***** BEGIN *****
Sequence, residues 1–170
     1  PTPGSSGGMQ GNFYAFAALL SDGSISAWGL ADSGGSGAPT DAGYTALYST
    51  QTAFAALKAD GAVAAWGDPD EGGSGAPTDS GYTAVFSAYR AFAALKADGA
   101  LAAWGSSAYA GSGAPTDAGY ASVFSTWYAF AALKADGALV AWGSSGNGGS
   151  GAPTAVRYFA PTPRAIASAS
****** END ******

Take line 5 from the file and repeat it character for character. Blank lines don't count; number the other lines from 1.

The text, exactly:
   151  GAPTAVRYFA PTPRAIASAS